Fish Oil “Omega 3” Supplements: Include eicosapentaenoic acid (EPA) and docosahexaenoic acid (DHA) – both essential dietary fats that boost HDL. They are also powerful blood thinners so that they stop clotting, and they help to regulate heart rhythm.
You may experience an extreme one-hour flushing sensation after your take it.
Dietary Options: To boost HDL, do not worry too much on fats, especially heart-healthy fish oils and olive oil. Low-fat diets, long suggested to decrease the risk of cardiovascular disease, actually lower HDL levels. Cut back on refined carbohydrates, which may decrease HDL.
Triglycerides: Triglycerides really account for many fat found in the bloodstream and in body fat. A higher ratio of triglycerides to HDL has been associated with a substantial increase in heart attack risk.
or less. are borderline high, and 200 mg. and above are considered high.
Beneficial Nutritional Supplements:
Fish Oil Supplements: Can lead to remarkable reductions in triglyceride levels. In certain studies, plant sterols also have been shown to reduce triglycerides.
Dietary Options: Triglyceride levels are directly linked to the quantity of processed carbohydrates you consume, so lower your consumption of table sugar, white bread, cookies and other sweets, refined pasta, and bagels, and concentrate instead on whole grains.
Homocysteine: Homocysteine is normally a short-lived byproduct of protein metabolism – it is only when levels become elevated that they cause trouble. If you eat plenty of veggies, particularly the ones that include folic acid such as spinach, romaine lettuce, and other greens, there is a great chance that your homocysteine is at healthy levels.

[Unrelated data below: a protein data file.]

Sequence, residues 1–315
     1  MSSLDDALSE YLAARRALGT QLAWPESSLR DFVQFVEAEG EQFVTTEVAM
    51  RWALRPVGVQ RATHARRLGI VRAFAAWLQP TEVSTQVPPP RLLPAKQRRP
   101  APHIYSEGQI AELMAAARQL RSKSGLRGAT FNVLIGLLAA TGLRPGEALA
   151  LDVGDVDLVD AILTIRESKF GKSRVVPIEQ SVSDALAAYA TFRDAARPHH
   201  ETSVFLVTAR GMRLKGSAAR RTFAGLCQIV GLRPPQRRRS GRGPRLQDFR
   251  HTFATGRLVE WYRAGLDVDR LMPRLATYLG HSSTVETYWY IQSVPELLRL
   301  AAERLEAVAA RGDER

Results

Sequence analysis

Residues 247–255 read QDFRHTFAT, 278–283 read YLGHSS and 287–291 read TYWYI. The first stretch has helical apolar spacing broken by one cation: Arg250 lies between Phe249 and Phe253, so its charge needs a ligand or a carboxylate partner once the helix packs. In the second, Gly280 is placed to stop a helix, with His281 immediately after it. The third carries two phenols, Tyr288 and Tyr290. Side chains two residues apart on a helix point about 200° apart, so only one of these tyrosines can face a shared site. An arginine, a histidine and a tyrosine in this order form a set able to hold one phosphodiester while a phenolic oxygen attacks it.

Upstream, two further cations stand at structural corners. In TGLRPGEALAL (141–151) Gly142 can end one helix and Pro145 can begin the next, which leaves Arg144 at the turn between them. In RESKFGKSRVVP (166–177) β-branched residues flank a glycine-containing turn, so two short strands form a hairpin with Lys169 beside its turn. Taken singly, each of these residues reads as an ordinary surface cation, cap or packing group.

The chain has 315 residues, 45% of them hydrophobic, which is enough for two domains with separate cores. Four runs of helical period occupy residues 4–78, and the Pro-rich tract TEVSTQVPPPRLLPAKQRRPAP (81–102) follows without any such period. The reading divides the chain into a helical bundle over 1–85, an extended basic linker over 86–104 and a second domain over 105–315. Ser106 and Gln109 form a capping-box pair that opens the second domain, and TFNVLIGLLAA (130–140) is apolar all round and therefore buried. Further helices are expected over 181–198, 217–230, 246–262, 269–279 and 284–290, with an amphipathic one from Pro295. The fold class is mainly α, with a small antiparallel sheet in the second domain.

The American Heart Association believes normal levels to be from 5 to 15 micromoles per liter of blood. Ideal levels are under 7.
Beneficial Nutritional Supplements:
Three B Vitamins are especially valuable in breaking down homocysteine: folic acid (1,000 to 5,000 mcg. daily), vitamin B-6 (25 to 50 mg. daily), and vitamin B-12 (2,000 mcg. daily.)
Dietary Options: Load up on leafy greens: spinach, romaine lettuce.
V. Glucose Tolerance
Beneficial Nutritional Supplements: Many supplements can help stabilize and lower glucose and insulin levels, but in the event that you already take glucose-regulating drugs, be certain to work with your doctor to adjust their dose.
Alpha-Lipoic Acid: An antioxidant, is widely used in Germany to treat peripheral neuropathy, a nerve disease brought on by diabetes. Studies have found that it can lower both insulin and glucose levels. Take 100 to 300 mg. daily.
Chromium Picolinate: An essential mineral, has been proven to lower cholesterol and glucose levels. Take 400 to 1,000 mcg. daily.
Cinnamon: Can lower fasting glucose, total cholesterol, and cholesterol levels.
Ginseng Supplements: 1 to 3 grams of American ginseng (Panax quinqufolius L.) significantly reduced the increase in blood glucose.
Silymarin: The antioxidant-rich extract of milk thistle, is famous for increasing liver action. Italian researchers found that 600 mg. Of silymarin daily reduced several important measures of glucose tolerance, including fasting insulin and glucose, over the course of a year.